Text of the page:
“The quality that we call beauty, however, must always grow from the realities of life, and our ancestors, forced to live in dark rooms, presently came to discover beauty in shadows, ultimately to guide shadows towards beauty’s ends."
- Jun'ichirō Tanizaki, In Praise of Shadows
There is a certain charm or quite beauty to a simple object that has been used for many years. Think about the warm delight of holding a wooden spoon used for decades, or of examining the intricacy of cracks which adorn weathered tree bark.
Wabi-Sabi is a concept which names this appreciation for the imperfect.
In recent years Wabi-Sabi has become a buzzword for minimalist and lifestyle trends, but the history of Wabi-Sabi and its preservation in Japanese culture has a lot more to offer.
First and foremost, Wabi-Sabi is a philosophy and a way of living. Even though it is most commonly known as a Japanese approach, Wabi-Sabi actually originated from Chinese Buddhist tradition. The influences of the Dhammapada, a canonical Buddhist text containing sayings of the Buddha, can be seen as foundational in Wabi-Sabi’s philosophy.
Three marks of existence
To understand Wabi-Sabi you should know a little bit about the Buddhist belief of the three marks of existence. More of a philosophy than a belief, the three marks of existence express three truths of all life and living things. The three marks are annica, the impermanence and cyclical nature of life, dukkha, the impossibility of desire or the persistence of suffering, and anatta, the fact that there is no “soul” or constant self.
Buddhists believe that greater pain comes from the ignorance of these three marks. We must be aware of and accept these conditions of life. Wabi-Sabi is a way of seeing which acknowledges, and furthermore, finds appreciation of these marks aesthetically.
The Wabi-Sabi philosophy not only acknowledges the marks, but sees beauty as the thing which expresses these conditions. The Wabi-Sabi object revells and sits within the awareness of the three marks, expressing to the viewer a sense of melancholy and ephemerality. Japanese author Jun'ichirō Tanizaki evokes Wabi-Sabi in his aesthetic essay, In Praise of the Shadows. He writes,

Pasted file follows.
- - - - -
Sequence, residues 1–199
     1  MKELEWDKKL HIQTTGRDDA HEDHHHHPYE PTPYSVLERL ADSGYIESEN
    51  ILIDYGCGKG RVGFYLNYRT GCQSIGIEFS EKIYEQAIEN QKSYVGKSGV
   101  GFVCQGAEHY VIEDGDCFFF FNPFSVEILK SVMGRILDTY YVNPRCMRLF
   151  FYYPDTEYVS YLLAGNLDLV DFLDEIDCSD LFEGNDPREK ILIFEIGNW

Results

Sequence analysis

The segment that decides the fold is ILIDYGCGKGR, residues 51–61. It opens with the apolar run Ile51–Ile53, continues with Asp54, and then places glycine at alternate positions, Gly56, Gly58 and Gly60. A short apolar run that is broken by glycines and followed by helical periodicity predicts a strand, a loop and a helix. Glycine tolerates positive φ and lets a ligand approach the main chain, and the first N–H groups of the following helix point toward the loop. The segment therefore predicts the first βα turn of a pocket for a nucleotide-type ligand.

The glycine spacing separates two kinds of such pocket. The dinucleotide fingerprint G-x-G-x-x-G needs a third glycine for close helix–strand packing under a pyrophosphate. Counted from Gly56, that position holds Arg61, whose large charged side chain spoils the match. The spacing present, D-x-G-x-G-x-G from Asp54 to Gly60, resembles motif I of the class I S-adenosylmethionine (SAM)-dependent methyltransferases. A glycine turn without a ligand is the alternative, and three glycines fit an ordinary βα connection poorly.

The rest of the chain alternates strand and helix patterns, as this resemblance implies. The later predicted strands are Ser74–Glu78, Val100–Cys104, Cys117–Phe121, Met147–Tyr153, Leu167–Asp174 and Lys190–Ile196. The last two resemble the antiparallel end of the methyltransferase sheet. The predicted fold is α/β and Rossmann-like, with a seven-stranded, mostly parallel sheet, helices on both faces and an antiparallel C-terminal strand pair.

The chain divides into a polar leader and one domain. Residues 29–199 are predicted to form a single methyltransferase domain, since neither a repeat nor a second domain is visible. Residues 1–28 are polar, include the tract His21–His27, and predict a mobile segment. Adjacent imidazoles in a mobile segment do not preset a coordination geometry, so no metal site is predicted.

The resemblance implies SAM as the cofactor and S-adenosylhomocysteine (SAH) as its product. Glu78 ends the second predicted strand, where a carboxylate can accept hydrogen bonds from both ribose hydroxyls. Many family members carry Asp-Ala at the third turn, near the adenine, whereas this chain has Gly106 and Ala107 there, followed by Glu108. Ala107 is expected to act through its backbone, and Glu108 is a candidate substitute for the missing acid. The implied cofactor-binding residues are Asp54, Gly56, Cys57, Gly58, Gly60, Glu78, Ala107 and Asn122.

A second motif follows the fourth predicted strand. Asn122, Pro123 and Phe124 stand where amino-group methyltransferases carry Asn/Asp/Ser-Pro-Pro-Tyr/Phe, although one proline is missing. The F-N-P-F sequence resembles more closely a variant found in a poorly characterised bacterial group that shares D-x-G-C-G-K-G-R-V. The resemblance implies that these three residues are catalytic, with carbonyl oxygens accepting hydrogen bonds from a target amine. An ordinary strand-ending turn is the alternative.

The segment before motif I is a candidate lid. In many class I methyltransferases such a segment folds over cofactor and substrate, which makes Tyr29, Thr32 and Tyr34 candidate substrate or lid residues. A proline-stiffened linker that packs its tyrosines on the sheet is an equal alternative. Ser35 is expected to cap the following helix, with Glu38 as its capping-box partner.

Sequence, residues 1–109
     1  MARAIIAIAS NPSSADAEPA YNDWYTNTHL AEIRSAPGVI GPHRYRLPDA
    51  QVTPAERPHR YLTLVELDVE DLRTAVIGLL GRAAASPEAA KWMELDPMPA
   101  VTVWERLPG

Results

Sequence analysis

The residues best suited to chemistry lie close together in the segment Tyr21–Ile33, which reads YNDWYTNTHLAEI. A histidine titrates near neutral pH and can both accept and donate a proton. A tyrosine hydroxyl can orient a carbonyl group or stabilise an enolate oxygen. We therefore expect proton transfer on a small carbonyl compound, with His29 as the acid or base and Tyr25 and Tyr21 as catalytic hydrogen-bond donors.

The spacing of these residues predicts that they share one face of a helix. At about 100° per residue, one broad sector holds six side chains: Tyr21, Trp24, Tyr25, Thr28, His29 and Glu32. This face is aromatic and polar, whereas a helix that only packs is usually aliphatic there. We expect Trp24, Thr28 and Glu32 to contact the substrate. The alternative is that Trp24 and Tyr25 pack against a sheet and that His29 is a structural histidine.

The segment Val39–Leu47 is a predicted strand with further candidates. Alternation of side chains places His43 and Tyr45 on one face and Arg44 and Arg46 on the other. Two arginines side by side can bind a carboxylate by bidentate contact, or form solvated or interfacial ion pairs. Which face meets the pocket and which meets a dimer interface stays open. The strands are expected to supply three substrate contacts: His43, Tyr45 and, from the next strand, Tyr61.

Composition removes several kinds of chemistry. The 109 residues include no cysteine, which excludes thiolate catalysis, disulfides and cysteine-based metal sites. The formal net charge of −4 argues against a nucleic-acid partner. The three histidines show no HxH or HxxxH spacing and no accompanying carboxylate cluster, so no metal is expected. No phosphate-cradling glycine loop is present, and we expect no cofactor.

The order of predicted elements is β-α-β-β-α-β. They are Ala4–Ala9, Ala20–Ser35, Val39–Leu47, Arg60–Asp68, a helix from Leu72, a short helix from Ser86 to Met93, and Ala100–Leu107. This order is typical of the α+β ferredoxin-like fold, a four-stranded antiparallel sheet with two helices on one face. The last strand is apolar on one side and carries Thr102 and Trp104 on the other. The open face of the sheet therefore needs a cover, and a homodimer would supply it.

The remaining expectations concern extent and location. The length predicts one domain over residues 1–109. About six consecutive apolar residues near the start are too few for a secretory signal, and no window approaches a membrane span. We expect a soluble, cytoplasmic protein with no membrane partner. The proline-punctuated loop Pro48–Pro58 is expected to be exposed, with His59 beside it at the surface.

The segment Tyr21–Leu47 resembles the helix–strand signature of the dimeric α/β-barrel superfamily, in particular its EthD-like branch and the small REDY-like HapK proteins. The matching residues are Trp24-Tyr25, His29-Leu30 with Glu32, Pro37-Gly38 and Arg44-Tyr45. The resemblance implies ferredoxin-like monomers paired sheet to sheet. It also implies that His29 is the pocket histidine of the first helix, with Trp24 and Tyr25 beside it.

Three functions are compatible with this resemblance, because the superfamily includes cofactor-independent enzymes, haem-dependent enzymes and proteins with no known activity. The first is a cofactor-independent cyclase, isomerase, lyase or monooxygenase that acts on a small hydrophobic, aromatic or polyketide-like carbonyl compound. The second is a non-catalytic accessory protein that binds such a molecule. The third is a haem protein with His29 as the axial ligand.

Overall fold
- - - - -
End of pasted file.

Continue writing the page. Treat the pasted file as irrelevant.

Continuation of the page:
“If light is scarce then light is scarce;
we will immerse ourselves in the darkness and there discover its own particular beauty.”
Tanizaki expresses both a melancholy and a hope here; its takes the realities and life and finds true beauty within. This reality of “the darkness” results in a necessary imperfection of life (note the connections to annica and dukkha). In Wabi-Sabi, imperfection is a necessary condition for beauty. We find solace in Wabi-Sabi objects because they come to terms with the imperfection of existence, and posit them in a beautiful matter. A perfect object would not be beautiful because it would not be expressing this condition of life.
Wabi-Sabi can be expressed in endless forms
Many traditional Japanese art forms fall under the aesthetic category of Wabi-Sabi. Ikebana, the Japanese art of floral arrangement is shaped by ideas of preservation and nature, and Kintsugi, the practice of highlighting the repairs of broken pottery, evoke the sense of Wabi-Sabi. These artforms, and many more, embrace that sense of imperfection and impermanence.
Another way to uncover the meaning of Wabi-Sabi is to look at the actual meanings of the words Wabi and Sabi.
Wabi refers to the simplicity and natural aspects of an object. This could mean its rough texture, uneven coloring, or it’s modest, unornamented shape. Wabi is different than minimalism because it values the specificity and uniqueness of the object. A Wabi object is always unique unto its own, because it is shaped by natural and changing elements.
The word Sabi more refers to the being of the object. Sabi is the life and wear of the object, it is the visible cracks, worn edges, or the evident durability of a thing. These aesthetic features represent the history and ephemerality of art, as well as life. Sabi evokes annica, the beauty of being reminded of passing and transitory time.
The Wabi-Sabi Artists of YŌNOBI
For this ceramic artist, inspiration comes in many forms. But the Japanese of Wabi-Sabi has had great influence on the work of Louise Egedal. When creating new artwork, one of Louise Egedals goals is to achieve “a rustic and vivid expression”.
Combining her Scandinavian heritage with Japanese tradition, her artwork expresses what she calls “Nordic Wabi-Sabi”.
Experience the ceramic collection of Louise Egedal.
The evidence of Wabi-Sabi is all around us. Just look around.
By considering the tilted, bare tree which lies outside your window and resiliently lives on through each winter, or the precious detail of imperfection that a Japanese tea cup offers, we can be reminded of the gift of impermanence.
In the face of imperfection, Wabi-Sabi allows us to reframe our ideals of beauty. Whether aesthetically, or spiritually, we can all adopt the quiet hope of this Japanese philosophy.